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VARIABLES THAT EXPLAIN VARIATION IN PRENATAL CARE IN TURKEY; SOCIAL CLASS, EDUCATION AND ETHNICITY RE-VISITED
DILEK CINDOGLU a1andIBRAHIM SIRKECI a2 a1 Department of Political Science, Bilkent University, Bilkent 06533, Ankara, Turkey a2 Department of Geography, University of Sheffield, Winter Street, Sheffield S10 2TN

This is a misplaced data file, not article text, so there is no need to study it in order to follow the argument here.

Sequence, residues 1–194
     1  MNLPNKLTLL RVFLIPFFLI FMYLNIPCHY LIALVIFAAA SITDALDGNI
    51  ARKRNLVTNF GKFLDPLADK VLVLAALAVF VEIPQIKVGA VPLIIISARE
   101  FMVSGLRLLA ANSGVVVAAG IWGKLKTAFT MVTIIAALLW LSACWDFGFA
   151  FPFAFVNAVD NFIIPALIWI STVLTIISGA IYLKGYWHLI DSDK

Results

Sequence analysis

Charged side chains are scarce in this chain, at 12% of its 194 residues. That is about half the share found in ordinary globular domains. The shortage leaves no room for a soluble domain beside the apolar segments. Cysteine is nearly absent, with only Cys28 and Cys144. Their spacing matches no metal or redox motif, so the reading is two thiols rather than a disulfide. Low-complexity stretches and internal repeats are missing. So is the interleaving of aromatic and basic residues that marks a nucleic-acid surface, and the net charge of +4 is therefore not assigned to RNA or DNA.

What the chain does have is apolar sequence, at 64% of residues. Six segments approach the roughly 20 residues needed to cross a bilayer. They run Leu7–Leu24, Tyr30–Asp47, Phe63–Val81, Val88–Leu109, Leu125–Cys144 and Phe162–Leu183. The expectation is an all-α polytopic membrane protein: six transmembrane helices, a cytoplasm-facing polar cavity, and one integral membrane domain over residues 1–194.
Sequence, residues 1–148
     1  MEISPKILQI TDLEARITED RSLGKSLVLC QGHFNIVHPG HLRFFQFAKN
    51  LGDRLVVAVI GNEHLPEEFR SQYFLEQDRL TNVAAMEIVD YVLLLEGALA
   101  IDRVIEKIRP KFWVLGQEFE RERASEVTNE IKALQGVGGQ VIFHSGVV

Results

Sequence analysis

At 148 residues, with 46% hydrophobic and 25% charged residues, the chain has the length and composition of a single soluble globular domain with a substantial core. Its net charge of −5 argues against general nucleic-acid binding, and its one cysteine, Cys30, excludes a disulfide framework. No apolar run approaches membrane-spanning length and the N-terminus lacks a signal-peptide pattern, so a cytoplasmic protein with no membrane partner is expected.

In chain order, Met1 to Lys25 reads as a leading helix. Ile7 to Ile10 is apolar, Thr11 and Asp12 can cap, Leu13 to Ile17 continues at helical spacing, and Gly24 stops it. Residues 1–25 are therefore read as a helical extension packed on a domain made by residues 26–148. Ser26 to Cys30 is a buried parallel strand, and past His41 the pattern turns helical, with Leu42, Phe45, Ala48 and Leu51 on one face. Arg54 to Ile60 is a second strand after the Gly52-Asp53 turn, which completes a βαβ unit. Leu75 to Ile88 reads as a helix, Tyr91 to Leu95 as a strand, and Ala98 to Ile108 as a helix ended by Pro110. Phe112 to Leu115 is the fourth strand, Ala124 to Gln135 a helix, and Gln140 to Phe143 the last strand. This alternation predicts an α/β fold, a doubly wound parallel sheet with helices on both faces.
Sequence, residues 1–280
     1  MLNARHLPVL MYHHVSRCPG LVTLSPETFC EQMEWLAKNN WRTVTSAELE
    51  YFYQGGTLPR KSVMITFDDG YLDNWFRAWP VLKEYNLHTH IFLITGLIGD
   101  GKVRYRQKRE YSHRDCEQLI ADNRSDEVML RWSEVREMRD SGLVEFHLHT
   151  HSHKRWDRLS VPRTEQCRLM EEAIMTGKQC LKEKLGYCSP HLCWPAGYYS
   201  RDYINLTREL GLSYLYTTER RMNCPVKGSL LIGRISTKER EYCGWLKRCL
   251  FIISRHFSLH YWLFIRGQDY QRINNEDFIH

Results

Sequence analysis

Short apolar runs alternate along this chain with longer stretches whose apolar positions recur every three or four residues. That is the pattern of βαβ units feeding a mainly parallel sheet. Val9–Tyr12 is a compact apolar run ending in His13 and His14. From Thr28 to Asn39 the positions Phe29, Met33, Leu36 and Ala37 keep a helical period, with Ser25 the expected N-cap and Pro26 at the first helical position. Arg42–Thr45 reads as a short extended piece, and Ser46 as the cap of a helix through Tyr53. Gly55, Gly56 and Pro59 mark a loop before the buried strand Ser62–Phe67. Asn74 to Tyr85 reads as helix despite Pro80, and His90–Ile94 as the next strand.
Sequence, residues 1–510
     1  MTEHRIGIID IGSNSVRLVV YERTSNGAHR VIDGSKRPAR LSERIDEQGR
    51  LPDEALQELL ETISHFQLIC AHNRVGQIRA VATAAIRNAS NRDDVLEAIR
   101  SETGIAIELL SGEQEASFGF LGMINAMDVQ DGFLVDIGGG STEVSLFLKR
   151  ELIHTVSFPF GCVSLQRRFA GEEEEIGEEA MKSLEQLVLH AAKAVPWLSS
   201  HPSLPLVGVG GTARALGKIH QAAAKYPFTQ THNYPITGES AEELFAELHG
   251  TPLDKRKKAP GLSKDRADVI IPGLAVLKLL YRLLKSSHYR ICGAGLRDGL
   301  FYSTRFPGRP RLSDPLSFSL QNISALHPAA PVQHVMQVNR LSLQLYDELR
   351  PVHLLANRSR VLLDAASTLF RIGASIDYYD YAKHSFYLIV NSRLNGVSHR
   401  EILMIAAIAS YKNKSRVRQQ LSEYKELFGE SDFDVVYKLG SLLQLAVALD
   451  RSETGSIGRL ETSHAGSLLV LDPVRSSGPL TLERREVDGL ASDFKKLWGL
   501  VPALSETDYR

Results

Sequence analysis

The extent and quality of prenatal care are important for the health of women and their babies. Recent studies suggest that women lack adequate prenatal care in contemporary Turkey. This paper uses regression models to examine the major factors impacting on the access of women to prenatal care through the 1993 Turkish Demographic and Health Survey. The findings suggest that after controlling for class, ethnicity does not explain the likelihood of a woman’s access to prenatal care, partly because the predominant patriarchal ideology in Turkey determines women’s access to education, which in turn determines their access to prenatal care. It can be argued that unless women’s socioeconomic status in the family improves, their access to health care in general and prenatal care in particular will not increase significantly.